White hat hacker accesses 25+ Teslas

Plus, Safari flaws are patched and the FBI warns of job recruitment scams

Nineteen-year-old David Columbo, a security researcher in Germany, was able to take over most of the functions of more than 25 Teslas around the world by hacking into their third-party software. Checking the security of the network ports from a potential client’s company, Columbo happened upon TeslaMate, an open source, self-hosted data logger for Tesla. Exploring further, Columbo was able to run commands on specific Teslas such as “disable Sentry Mode,” “unlock the doors,” “open the windows,” and even “start Keyless Driving,” though he could not get access to the steering, accelerator, and brakes. It’s important to note this was not due to a flaw in Tesla’s infrastructure directly. 

“We need more researchers like David Colombo, he’s done a fantastic job,” commented Avast Security Evangelist Luis Corrons. “He has uncovered a number of problems that are responsible for the security issues he has found like a lack of encryption or default credentials. Vulnerabilities can be found anywhere, but with software not developed with security in mind the results are catastrophic. There are a number of lessons that can be learned here.” Tesla and the makers of TeslaMate have secured the vulnerabilities after learning about them. For more on this story, read Columbo’s report on Medium

Life360 plans to stop selling precise location data

In their latest quarterly activities report, the founder and CEO of location sharing app Life360 announced that the San Francisco-based company would phase out all of its location data deals, except with Allstate’s Arity. Currently, the company sells the precise location of its 35 million individual users to about a dozen data brokers, but it plans to shift into aggregated data instead of individual. “Life360 recognizes that aggregated data analytics (for example, “150 people drove by the supermarket”) is the wave of the future, and that businesses will increasingly place a premium on data insights that do not rely on device-level or other individual user-level identifiers,” the announcement said. For more on this story, see The Markup.

Safari flaws allowed browser and webcam takeover

A group of macOS vulnerabilities, which were fixed by Apple at the end of 2021, allowed potential attackers to take over the Safari browser, exposing users’ open online accounts, microphones, and webcams. The exploits abused the features that are trusted between iCloud and Safari, such as document-sharing mechanisms. “The attacker is basically punching a hole in the browser,” said researcher Ryan Pickren, who disclosed the vulnerabilities to Apple. “So if you’re signed in to Twitter.com on one tab, I could jump into that and do everything you can from Twitter.com. But that’s nothing to do with Twitter’s servers or security; I as the attacker am just assuming the role that you already have in your browser.” For more, see Wired.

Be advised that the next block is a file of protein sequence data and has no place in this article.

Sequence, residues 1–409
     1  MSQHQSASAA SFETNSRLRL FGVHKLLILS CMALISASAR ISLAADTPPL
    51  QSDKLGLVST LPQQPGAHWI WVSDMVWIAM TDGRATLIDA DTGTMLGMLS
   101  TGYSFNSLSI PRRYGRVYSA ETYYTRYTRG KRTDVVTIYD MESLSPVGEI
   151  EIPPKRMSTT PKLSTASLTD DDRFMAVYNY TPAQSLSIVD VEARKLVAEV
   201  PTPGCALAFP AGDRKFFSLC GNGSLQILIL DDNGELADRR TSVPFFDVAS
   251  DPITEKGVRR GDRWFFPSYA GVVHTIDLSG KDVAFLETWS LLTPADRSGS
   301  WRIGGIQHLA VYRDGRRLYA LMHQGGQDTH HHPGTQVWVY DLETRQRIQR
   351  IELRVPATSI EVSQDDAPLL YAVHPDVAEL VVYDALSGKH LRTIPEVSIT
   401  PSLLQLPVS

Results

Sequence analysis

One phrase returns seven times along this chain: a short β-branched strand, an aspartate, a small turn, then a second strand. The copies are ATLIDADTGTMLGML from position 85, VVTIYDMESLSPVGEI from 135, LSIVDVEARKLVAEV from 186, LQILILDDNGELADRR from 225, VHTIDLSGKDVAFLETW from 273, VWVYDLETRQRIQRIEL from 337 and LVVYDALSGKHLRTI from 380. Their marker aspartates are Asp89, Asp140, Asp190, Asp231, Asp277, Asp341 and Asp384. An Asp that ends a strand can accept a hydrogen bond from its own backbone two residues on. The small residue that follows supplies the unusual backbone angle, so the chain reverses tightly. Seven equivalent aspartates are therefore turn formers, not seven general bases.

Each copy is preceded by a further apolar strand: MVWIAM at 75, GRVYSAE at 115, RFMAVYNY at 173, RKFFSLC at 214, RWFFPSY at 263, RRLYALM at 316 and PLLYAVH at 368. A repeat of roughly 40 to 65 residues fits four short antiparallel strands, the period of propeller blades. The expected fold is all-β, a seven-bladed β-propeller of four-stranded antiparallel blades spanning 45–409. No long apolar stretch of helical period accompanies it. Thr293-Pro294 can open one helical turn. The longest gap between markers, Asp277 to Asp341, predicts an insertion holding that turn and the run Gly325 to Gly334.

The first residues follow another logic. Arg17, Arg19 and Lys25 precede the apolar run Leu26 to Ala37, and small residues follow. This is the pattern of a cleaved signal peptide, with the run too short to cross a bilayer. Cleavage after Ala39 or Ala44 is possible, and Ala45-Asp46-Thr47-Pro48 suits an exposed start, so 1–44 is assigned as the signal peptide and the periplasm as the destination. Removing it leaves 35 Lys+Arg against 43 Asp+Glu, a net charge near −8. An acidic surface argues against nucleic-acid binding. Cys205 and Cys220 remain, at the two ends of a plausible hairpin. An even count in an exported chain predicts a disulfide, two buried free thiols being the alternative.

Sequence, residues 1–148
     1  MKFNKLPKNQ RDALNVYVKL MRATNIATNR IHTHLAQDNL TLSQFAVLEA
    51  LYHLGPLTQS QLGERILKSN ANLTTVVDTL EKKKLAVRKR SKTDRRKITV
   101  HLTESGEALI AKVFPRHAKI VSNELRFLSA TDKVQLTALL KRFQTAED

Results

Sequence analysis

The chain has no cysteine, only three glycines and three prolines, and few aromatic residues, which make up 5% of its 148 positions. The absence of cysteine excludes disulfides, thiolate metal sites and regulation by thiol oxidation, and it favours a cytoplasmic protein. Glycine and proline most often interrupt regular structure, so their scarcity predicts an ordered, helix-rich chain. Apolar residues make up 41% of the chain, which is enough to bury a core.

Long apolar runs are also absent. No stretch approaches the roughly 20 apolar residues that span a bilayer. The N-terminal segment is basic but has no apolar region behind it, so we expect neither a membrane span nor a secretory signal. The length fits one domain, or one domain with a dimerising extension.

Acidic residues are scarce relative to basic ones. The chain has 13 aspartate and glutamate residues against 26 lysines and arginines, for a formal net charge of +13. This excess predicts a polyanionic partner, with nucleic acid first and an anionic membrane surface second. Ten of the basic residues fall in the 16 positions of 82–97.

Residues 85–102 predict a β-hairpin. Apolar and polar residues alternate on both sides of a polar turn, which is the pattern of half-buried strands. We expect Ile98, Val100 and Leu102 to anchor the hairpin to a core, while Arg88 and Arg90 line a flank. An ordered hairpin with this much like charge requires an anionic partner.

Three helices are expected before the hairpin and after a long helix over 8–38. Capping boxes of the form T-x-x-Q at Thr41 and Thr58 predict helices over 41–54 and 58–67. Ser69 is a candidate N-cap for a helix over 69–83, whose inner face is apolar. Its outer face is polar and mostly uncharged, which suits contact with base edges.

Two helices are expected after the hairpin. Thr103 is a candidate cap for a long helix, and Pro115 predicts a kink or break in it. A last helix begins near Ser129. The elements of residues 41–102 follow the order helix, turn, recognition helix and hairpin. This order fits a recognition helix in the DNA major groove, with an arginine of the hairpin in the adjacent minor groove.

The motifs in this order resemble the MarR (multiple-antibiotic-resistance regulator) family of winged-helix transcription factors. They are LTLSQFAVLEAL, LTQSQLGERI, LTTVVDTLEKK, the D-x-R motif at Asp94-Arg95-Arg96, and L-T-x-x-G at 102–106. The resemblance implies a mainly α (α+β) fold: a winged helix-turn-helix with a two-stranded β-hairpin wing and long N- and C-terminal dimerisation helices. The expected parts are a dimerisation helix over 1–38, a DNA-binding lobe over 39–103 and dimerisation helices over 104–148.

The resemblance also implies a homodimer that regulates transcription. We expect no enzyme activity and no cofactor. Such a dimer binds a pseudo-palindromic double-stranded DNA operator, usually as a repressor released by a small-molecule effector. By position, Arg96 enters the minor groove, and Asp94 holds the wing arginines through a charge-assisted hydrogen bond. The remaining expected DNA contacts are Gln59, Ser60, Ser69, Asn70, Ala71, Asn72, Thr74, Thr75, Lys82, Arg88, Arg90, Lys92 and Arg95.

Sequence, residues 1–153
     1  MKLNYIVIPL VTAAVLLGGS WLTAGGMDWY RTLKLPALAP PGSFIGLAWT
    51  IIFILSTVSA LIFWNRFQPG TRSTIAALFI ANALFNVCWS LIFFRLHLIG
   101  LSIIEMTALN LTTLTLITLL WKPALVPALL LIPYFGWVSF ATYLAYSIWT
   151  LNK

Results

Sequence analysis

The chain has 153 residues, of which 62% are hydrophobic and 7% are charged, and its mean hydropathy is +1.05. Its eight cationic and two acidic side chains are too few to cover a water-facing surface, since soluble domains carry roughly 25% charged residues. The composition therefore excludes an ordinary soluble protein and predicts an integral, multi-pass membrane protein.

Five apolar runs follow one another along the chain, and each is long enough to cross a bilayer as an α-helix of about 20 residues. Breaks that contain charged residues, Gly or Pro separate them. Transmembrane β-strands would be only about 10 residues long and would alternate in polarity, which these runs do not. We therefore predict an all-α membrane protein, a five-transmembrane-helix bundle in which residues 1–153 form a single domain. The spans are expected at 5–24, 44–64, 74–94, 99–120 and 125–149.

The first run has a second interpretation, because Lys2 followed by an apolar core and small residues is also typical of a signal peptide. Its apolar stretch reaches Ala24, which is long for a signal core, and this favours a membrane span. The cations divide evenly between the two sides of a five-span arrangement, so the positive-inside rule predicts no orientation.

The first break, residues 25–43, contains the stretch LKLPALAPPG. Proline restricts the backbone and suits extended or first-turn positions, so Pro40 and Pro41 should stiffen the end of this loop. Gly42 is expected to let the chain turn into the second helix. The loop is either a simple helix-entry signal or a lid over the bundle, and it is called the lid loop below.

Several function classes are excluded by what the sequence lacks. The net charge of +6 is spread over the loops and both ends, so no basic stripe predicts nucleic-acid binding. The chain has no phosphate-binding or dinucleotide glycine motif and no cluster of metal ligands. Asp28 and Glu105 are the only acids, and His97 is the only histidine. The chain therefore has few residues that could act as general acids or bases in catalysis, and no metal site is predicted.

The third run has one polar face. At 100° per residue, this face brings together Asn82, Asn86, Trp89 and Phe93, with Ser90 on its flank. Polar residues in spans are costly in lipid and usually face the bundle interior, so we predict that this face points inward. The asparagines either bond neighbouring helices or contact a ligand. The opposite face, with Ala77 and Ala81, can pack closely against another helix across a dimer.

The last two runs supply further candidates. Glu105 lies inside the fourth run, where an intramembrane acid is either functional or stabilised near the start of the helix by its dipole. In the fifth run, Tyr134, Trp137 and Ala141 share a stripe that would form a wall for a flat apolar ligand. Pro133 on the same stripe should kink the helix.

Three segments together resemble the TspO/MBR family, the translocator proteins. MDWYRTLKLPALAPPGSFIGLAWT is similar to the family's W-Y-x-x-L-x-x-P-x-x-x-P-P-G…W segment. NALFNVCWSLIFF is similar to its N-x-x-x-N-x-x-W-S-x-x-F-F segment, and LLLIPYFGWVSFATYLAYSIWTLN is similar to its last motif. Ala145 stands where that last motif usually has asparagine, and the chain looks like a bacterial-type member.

LockBit 2.0 claims to have stolen French Ministry files 

Last week, the LockBit 2.0 ransomware group posted on its data leak site that it stole over 9,000 files from the French Ministry of Justice and that it would post the stolen data if the ransom was not paid by February 10. Cybercriminals using Lockbit 2.0 usually threaten to publish data from victims who don’t pay the ransoms it demands. This “double extortion” technique puts extra pressure on the victim to pay. "The Ministry of Justice has become aware of the alert and immediately took steps to carry out the necessary checks,” a spokesperson told Politico, without providing further information about the operation's scale. 

FBI warns of job recruitment scams

In a public service announcement published this week, the FBI reported a current trend whereby scammers “exploit security weaknesses on job recruitment websites to impersonate legitimate businesses, threaten company reputation and defraud job seekers.” The FBI says the scammers may appear credible to the user because they use legitimate information to imitate the businesses. Since early 2019, the average reported loss from this scheme is almost $3,000 per victim (plus, the victim’s credit score also usually suffers). In the PSA, the Bureau provides a list of recommendations for both employers and job seekers to recognize and avoid this scam.

This week’s ‘must-read’ on The Avast Blog

At first glance, the Google Topics initiative seems like a win for privacy advocates. At this point, though, it's still unclear how will things pan out over time. Tune in for our team's thoughts.

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